Armond White has developed a reputation for being intentionally contrarian with his film reviews, writing opinions that deviate wildly from the critical consensus in a calculated bid to get attention. His critiques of much-derided movies like Jack And Jill, for example, have led some to accuse him of behaving like a real-life Internet troll, taking deliberately provocative positions and concocting defenses of seemingly irredeemable movies, based on thematic subtext that only he appears to notice, or psychological insight into their creators that only he seems to have. He says these controversial things, these accusers say, because he’s some kind of self-styled iconoclast (if not just sort of a jerk). Of course, most of Armond White’s fellow critics clearly have problems with his reviews because they all operate from a cowardly, purely Eurocentric viewpoint and also had difficult relationships with their fathers. The ancient Greeks would have understood this right away.
But if you think the Oedipal white man’s ramblings in articles such as, say, “It’s time for Armond White to explain why everyone is wrong about Jack And Jill” have had any effect on White, rest assured that they have not. In a recent interview with SiriusXM’s “Ron And Fez Show” about the typical Internet reaction to his reviews, White dismissed such “sniping and carping and schoolyard meanness” from what he characterizes as “idiots or stupid kids,” wondering aloud whether any of those people have actually bothered to read his reviews, or whether they’re just making snap judgments about him, all based on the tiniest of information. Then he said this ironic thing:
Ron Bennington: A.V. Club actually did this— “It’s Time for Armond White to Explain Why Everyone is Wrong About Jack And Jill.
Armond White: A-ha. I’m glad you bring that up, because that’s all I saw was the headline. I wouldn’t waste my time reading the rest of it, because the headline itself, I thought was stupid. I don’t have to explain why anybody is wrong—that ain’t what I’m interested in. I’m explaining my response to Jack And Jill. I’m not explaining why you’re wrong. I’m explaining how I respond to the movie. That’s all any critic ever does, and it’s kind of sad that in 2011 people still don’t understand that.
Of course, White’s review of Jack And Jill does most of his explaining from a defensive position, saying in the very first sentence that most other critics fail to appreciate Adam Sandler movies because they’re not “dumb fun,” then suggesting that they balk at acknowledging Sandler’s insight into the human condition because of their own personal hang-ups about family and ethnicity. To be fair, White is correct in that he never puts this implicit line in the sand explicitly in terms of “right” and “wrong”—but then, we were pretty tongue-in-cheek about the whole “right” and “wrong” thing anyway. That’s sort of what we do here.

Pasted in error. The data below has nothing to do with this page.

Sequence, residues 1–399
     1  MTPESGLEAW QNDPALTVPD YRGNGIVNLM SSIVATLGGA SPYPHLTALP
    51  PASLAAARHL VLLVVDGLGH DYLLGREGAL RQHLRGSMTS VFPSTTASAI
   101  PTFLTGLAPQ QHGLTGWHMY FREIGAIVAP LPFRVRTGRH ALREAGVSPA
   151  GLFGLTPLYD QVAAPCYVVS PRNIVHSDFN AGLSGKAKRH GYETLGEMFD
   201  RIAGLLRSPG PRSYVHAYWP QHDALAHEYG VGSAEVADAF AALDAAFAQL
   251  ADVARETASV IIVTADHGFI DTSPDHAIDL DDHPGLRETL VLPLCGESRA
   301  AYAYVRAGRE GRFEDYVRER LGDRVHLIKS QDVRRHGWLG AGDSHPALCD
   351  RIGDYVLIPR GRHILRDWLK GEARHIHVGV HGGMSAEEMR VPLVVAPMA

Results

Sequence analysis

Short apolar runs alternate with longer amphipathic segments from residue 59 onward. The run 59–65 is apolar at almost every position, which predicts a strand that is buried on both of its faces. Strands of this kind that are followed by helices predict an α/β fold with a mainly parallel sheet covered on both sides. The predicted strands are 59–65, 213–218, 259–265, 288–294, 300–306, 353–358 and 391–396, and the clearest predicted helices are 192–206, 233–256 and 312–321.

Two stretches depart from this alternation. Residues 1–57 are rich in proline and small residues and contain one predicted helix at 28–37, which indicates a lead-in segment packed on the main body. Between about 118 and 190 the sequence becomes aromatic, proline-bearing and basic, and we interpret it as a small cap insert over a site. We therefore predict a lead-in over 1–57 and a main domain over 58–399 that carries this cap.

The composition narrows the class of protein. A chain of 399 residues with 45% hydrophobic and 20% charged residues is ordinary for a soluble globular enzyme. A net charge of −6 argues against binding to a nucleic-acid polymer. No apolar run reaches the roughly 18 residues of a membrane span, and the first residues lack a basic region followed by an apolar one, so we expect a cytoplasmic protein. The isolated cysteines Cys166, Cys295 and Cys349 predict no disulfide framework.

But hey, we’re just one of those childish, schoolyard bullies sniping from the sidelines; no need to actually pay attention to us. The real measure of the knee-jerk reaction to his opinions on Jack And Jill, Armond White says, is that he’s now been kicked off of Rotten Tomatoes. White made the claim after Bennington pointed out his presence on the review aggregate site had long been a source of contention for people who feel that White intentionally “spoils” positive ratings for movies.
Ron Bennington: I know another big one was that they wanted to get 100% on Rotten Tomatoes for Toy Story 3 and you kind of screwed that up for them.
Armond White: Yes and no. Like I said, I wonder if they actually read my review. I wonder if they actually look at Rotten Tomatoes. I’m not on Rotten Tomatoes anymore.
Ron Bennington: Your positive review of Adam Sandler did not affect the Rotten Tomatoes meter?
Armond White: No, no, the guy at Rotten Tomatoes won’t put me on the site anymore. I guess I’m not the only one on the planet who liked Jack And Jill because the guy on Rotten Tomatoes doesn’t list me anymore. I guess I’ve been taken off the Rotten Tomatoes list. So apparently there are some other Jack And Jill likers out there.
Which certainly would be an example of Armond White, rebel film critic, being swiftly and unfairly ostracized by childish colleagues who believe that he exists only to manufacture controversy. Except it’s not true.
The A.V. Club spoke to “the guy” at Rotten Tomatoes, editor-in-chief Matt Atchity, who explained that White’s most recent reviews don’t appear on the website because as of earlier this fall, he no longer writes for New York Press, and they simply haven’t yet had a chance to consider whether his new publication, CITYArts, should be included. “If he’d been kicked off, he wouldn’t still have a profile page,” Atchity points out, noting that White contacted him approximately a month ago to let him know that he'd moved, and explaining that this automatically put him in line with all the other publications vying for inclusion. Because of this incident, however, Atchity now says they’re considering looking into adding White's newer reviews as early as this week, sighing, “We’re aware of what sort of press he generates.”
As to White’s claim that his Jack And Jill review was the unforgivable opinion that finally forced Rotten Tomatoes to reconsider having him around? “That’s just Armond being Armond,” Atchity said. “Some people just like to stir up controversy.” Which, great, yet more drawing outlandish conclusions based on a predetermined stance and only the tiniest bit of information—which, again, Armond White definitely does not do, obviously. Anyway, we went ahead and let Armond know the good news about Rotten Tomatoes in the headline so he’ll be sure to see it.
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